People, Places, and Things to Fill Your Fictional World

How do you create a fictional world?

If you write speculative fiction of any sort, odds are good you’ll be creating a world. Science fiction and fantasy are especially prone to unique, author created worlds. If you have no idea where to start, try reading some of the masters. J.R.R. Tolkien and Brandon Sanderson immediately pop to mind as some of the greats. Once you’re ready to jump in, begin by thinking about what kind of world you want to make. This will largely be shaped by the plot you’re planning, the characters you’re creating, and the genre you stick the story in. Everything’s connected, so what comes first? In my experience, the answer is in the names. For simplicity, I’ll be discussing people, places, and things from Redeemer Chronicles 1: Awakening. (Cover change in the works for that series).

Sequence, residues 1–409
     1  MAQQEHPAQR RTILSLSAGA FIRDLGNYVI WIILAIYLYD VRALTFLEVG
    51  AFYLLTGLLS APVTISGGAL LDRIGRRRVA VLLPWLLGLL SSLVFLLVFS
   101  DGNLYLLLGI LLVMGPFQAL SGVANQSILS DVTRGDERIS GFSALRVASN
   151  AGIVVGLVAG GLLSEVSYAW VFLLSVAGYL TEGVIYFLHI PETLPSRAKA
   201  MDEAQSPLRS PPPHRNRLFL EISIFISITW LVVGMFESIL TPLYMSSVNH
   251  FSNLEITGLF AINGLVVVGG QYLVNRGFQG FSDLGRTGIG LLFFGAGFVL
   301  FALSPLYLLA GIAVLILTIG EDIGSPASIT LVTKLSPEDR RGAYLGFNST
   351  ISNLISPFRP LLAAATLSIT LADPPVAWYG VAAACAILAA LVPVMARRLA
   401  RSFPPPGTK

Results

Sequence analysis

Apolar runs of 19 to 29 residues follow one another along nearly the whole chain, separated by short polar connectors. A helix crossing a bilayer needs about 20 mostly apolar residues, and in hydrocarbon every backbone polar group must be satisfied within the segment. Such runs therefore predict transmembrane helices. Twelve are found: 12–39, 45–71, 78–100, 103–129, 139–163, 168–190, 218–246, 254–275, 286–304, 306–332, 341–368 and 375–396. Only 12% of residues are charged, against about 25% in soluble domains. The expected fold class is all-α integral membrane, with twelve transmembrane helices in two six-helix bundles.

What’s in a name?

Your world will be more authentic if you have a system that makes sense. I have a personal preference for names that are simple and pronounceable. Some names pop right to mind and others take me hours. I’m not only talking about people, but also places and objects in your world. Awakening’s set in a fantasy world called Aeris, but I don’t actually name the world until the second book because it’s not really relevant to the first story. In the sequel, I talk about more Darkland creatures than just zombies and Denkari. It took me about two hours to come up with something that fit evil creatures with six legs.

Planet Names Tangent: Names have feelings and they evoke feelings. In a different series, I named the scifi planet Reshner. It got its name from one of the ancient languages featured in that universe because it means “restful place.” For that one, I wanted something isolated, strong, yet supple. For Aeris, I wanted something that is reminiscent of earth yet otherworldly, something soft, and something pretty.

People (and their titles):